Unique challenges can include those related to the relative rarity of these tumors and also characteristics of these tumors. The low incidence and prevalence of CNS tumors also result in geographical barriers that make it extremely challenging to find people to enroll in clinical trials. Study design and participation can be even more challenging for studies that look at specific molecular tumor subtypes.
Enthusiasm and interest for brain and spine cancers are often not a high priority for drug developers or pharmaceutical companies due to the low incidence and prevalence, and funding opportunities are limited for rare cancers. However, the U.S. Food and Drug Administration (FDA) Rare Disease Program encourages research in the area of rare diseases.
Clinical trials that require frequent visits, in person treatments, and long travel may prevent a person from being able or willing to participate. Such logistics can also place additional strain on caregivers and families.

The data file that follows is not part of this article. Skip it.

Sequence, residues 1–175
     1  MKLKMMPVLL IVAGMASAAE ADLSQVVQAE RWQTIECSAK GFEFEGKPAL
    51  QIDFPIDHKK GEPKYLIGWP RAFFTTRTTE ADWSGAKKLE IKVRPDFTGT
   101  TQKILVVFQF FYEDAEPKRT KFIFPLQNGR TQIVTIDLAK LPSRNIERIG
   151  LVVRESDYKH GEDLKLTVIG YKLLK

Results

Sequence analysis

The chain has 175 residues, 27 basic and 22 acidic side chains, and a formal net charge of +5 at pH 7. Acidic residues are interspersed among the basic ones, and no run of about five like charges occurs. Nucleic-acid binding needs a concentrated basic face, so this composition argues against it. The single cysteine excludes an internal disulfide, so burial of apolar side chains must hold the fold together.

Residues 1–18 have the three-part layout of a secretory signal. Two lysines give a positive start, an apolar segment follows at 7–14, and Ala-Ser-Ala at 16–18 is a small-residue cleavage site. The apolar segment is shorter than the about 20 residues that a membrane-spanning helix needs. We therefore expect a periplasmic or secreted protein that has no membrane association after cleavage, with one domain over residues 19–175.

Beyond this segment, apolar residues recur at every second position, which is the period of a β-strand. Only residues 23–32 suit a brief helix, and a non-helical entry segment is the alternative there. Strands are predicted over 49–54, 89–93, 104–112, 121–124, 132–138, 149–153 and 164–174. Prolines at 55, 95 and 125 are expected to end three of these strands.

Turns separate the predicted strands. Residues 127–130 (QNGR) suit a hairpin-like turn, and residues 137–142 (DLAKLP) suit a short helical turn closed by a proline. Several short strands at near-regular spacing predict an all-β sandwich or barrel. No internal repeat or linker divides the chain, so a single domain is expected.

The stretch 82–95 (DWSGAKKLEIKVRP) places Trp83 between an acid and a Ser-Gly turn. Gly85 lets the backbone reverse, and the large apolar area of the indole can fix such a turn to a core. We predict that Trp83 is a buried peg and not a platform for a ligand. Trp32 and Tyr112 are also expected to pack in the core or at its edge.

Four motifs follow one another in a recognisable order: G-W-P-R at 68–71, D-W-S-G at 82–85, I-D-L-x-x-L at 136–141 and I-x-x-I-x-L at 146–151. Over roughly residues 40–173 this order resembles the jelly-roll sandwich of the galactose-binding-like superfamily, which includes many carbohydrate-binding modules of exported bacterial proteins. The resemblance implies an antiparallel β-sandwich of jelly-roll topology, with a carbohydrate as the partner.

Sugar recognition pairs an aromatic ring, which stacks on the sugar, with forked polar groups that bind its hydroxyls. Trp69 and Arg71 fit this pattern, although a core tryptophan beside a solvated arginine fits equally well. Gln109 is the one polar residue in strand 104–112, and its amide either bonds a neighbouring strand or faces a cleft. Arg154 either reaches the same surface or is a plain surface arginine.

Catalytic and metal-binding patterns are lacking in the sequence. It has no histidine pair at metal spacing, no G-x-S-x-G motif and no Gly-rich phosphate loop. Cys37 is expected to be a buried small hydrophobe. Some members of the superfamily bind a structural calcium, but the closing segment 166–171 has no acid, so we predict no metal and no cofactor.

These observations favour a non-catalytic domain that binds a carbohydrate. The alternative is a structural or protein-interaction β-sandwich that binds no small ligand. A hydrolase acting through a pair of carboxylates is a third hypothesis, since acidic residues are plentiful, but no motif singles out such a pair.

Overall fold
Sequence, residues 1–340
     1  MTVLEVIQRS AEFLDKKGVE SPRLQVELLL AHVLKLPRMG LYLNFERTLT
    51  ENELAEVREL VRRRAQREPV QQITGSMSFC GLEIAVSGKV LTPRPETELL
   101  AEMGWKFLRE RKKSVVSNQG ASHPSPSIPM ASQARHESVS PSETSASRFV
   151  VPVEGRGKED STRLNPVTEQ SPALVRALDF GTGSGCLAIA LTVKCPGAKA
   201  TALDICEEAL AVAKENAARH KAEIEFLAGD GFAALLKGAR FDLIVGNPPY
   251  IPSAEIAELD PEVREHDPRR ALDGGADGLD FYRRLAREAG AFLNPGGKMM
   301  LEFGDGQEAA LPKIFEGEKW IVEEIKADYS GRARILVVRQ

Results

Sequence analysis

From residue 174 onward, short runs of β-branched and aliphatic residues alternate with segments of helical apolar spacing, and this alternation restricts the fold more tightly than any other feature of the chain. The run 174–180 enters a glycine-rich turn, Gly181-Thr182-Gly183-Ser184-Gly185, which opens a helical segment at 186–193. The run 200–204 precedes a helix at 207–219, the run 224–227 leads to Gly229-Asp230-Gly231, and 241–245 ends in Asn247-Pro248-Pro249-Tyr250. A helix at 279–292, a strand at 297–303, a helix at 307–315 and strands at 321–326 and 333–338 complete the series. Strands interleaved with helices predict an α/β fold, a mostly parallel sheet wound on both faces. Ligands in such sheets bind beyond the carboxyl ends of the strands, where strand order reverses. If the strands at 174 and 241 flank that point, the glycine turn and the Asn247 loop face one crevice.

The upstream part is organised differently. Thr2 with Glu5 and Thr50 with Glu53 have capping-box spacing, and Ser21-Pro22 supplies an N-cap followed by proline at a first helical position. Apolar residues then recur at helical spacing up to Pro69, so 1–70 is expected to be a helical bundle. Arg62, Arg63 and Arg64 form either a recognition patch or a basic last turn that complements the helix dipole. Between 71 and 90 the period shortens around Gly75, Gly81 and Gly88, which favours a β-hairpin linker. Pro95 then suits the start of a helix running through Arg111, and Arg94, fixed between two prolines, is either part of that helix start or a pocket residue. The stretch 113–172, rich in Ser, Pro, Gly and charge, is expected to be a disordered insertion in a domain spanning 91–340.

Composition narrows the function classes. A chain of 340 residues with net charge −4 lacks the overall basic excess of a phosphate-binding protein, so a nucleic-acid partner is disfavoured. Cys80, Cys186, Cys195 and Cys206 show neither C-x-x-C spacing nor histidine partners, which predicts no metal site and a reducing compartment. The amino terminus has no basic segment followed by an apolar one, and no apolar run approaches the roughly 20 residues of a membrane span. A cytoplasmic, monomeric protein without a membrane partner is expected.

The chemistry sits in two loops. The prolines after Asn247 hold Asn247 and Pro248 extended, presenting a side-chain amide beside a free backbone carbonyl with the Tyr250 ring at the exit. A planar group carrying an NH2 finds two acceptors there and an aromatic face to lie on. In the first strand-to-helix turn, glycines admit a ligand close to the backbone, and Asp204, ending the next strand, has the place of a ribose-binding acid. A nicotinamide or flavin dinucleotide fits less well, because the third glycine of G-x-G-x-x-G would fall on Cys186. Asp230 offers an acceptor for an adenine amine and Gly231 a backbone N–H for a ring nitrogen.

“A unique challenge that researchers face when developing neuro-oncology trials is drug delivery that crosses the blood-brain barrier,” Dr. Gilbert says. The blood-brain barrier is a protective layer that allows certain substances to reach the brain but prevents others that it thinks are harmful, such as cancer-treating drugs. Researchers must either select drugs that are able to cross or find innovative ways to get a treatment to reach the brain. Once there is a portfolio of drugs that are able to cross the blood-brain barrier and reach the tumor, the next challenge is to determine which drug or drug combinations are best for each patient. This requires extensive research looking for targets in the tumors that are likely to respond to available therapies. This process is often referred to as Precision Medicine.